The album slows down a bit with Radical and seems to be heading into twilight with a beautiful gothic ballad that is too weird and dark to be a sappy song. It stays true to gothic vision by finding beauty in death and proposes not wanting to be young forever, but wanting to change and eventually be past life. Don’t Turn Your Back on Fear is about not being afraid to do things. Never turning your back on fear means facing excitement and being bold enough to live, and it’s maybe the most haunting song on the album, encouraging us to go and live in the night. Stigmata sounds wet all over in the night time. Forever More is about being close enough to feel a heartbeat, but that has stirring intonations of life, love, and death all at once. It is a beautiful and perfect metaphor. Still Waters Run Deep is a sad slow song with sweeping sounds of echoing vocals about intimacy. In the calm part of a relationship, there is room for recognizing depth. Dawn’s Highway is about the path to the light basically being death, abandoning the night to face the destructive harshness of light. It makes us yearn for beautiful darkness. You’re Lost Little Girl is the album’s most haunting song. Being lost is left open and metaphorical here. It could be anything that leaves a person lost and searching, and that makes it a gothic song to the core, because it’s an existential depiction of not knowing exactly who or where we are.
With that remarkable classic being properly given its place in the live performances of the current tour, the new album Universal Monsters is solidly on form and a fiery return for the band. It’s a bit more upbeat and aggressive, and it also has some nice bluesy sounds. I’m very enamored with different ways that the blues are present in dark and heavy music of late. The Gospel by PIG is a great example, but MXMS also use deep dark soulful blues influences, and Zakk Wylde with Black Label Society is playing more blues than people realize in his metal songs about sin and redemption. I have little doubt that the dark and sometimes evil potential of the blues being at the grounding of rock music has something to do with how a band like The 69 Eyes can capture rock so perfectly through a genre that has sometimes unfairly been written off as just a subculture. Rock and roll was always supposed to be dark to some extent as even great classic rock bands like The Rolling Stones have shown on songs like Sympathy for the Devil. The 69 Eyes seem to be taking their very well perfected dark tendencies and joining them with a bit more metal and blues than normal on the new album, and it’s a great move, because it gives them hooks into a very creative current scene and provides an important foundation for the goth sounds they create so expertly.
Lady Darkness is a lovely song that starts off with a gentle groovy drumbeat from Jussi, and then turns into a smoothly rolling song with some of Jyrki’s best velvety vocals. It’s metaphorically caught in between going home with a girl and being taken by the night, but the beauty is unmistakably nocturnal. Shallow Graves is a nice song about the fleeting nature of life. For anyone who thinks that gothic songs are superficial, please notice that life is very transient and impermanent. So building our own graves for ourselves by focusing on tedium is probably less helpful than being nihilistic enough to accept that we all die eventually so that we might as well live in the meantime. Jerusalem is an underrated and beautiful song that has to be one of the band’s oddest creations. It’s about the mythical city and really does treat it as a myth, as in a place of dreams rather than a tangible location. By combining past and present descriptions, time literally does seem to disappear on the song. The later Peter Murphy albums with semi mystical tendencies are the best corollaries I can find. The album closes with the great Rock & Roll Junkie which has simple lyrics but beautiful bluesy guitar. It’s perfect to play live, and it sums up the importance of rock and roll for the Helsinki vampires.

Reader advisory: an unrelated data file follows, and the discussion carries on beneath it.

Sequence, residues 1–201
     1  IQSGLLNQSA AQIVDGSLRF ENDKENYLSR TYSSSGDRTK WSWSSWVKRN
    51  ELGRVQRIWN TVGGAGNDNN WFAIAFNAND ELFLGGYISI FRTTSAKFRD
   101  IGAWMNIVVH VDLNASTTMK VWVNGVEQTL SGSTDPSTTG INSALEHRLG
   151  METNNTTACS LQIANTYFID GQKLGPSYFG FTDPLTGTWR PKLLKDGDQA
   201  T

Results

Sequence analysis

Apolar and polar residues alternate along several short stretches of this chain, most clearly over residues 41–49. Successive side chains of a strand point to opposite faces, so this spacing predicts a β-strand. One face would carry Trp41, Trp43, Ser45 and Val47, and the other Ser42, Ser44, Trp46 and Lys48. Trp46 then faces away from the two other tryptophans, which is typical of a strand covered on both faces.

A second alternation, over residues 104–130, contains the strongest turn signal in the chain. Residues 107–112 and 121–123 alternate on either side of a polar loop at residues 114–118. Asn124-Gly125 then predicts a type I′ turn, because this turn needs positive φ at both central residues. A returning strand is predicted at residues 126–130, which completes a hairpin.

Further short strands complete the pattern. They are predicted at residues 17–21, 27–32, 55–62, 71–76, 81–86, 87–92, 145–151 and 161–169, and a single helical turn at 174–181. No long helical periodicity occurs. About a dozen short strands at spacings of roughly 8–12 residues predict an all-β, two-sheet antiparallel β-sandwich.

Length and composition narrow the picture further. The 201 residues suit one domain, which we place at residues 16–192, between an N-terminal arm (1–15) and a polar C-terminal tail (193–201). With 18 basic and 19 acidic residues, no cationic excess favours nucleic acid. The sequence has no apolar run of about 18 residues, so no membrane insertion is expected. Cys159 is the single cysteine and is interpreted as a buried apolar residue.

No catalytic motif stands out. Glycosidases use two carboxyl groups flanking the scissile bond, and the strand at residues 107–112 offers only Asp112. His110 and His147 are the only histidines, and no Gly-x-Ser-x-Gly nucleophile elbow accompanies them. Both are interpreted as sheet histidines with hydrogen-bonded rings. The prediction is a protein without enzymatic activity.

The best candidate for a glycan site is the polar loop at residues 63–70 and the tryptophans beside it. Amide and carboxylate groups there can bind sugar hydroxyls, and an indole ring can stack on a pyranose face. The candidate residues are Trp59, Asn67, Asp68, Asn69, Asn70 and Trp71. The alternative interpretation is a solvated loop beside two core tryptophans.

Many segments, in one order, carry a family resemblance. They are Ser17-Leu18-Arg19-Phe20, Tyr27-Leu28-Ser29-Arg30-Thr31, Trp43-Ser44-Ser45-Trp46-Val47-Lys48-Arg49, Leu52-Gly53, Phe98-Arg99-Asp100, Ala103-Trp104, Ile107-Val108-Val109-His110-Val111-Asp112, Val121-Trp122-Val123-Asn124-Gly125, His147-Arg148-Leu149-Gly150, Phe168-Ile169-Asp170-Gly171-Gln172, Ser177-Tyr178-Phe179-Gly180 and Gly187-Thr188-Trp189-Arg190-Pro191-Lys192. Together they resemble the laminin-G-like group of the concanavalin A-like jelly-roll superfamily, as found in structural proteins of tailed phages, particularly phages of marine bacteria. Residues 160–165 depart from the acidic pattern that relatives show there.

On tour, they are a great live band. Touring with MXMS is especially exciting, because they are maybe the most nocturnal band around, making this the most gothic tour of the year. Gothic is supposed to be dark, friendly, and weird, and The 69 Eyes and MXMS both fit that vision to the core. They are very willing to experiment but always in ways that make sense within larger rock aesthetics. Both bands are an exciting underground mix of tradition meeting very dark and esoteric tendencies, and both bands favor beautifully airy sounds. It happens on Bazie’s guitar playing offering pauses and tempos that allow for his sounds to be absorbed and felt instead of continually shredding, opening up some true mystery. With MXMS Ariel’s vocals are beautifully airy and capture so much subtle perfection that her range and available styles are deceptive. When she croons into Salvation Hurts, the velvety vocals give way to a soaring and beautiful attack. Jyrki is a master though of velvety sounds, and he makes them seem like a complete vocal canvas with all the variations he finds on that style.
The instrumental quality of the band is very high. Much like The Cure, everyone is very seasoned at playing together and making beautiful and subtle sounds with perfect rhythm. Bazie’s guitar stays more focused on the songs than Robert Smith’s heavenly melodic tangents, but it has a powerful and focused tone that is very moving and a way of carrying the listener into dark airy gothic places with more mystery than any other guitar. He is focused on traditional rock with dark intonation and lovely harmony. He is also very fun to drink with. Jussie is an anarchic drummer for such a focused band with nice tempo adjustments to build emphasis at different parts of the show, and Jyrki is simply a great singer and performer. There is too large a cliche of guys not having to be able to sing in rock bands, and then there are great exceptions to that like the enormous vocal talent of Peter Murphy. Jyrki is a great rock vocalist with a velvety delivery of classic rock turned into deep expressions of nocturnal melody.
If there are any true rock vampires around, it would be either Peter Murphy or Jyrki 69. Peter Murphy is nearly mystical in his reverie for gothic oddness and weird perceptions, but Jryki is a nocturnal vampire of sound. He catches soft and subtle sounds and sighs in his vocals, and is possibly the vocalist who is the most similar to the style that Ariel uses in her beautiful airy sounds with MXMS, making it a remarkably interesting turn of events that they are touring together. The friendliness of the band is also unmistakable. There is no rockstar ego at all with The 69 Eyes. They simply love what they do, and they are a joy to connect with. Bazie was one of the nicest people to be in a bar with after the Denver show. He was relaxed and cool and just loves rock and roll. The band deserves a huge following and a lot of appreciation for what they have done with genuine goth rock songs and with showing that this is a rock and roll enterprise to the core, and a very dark one.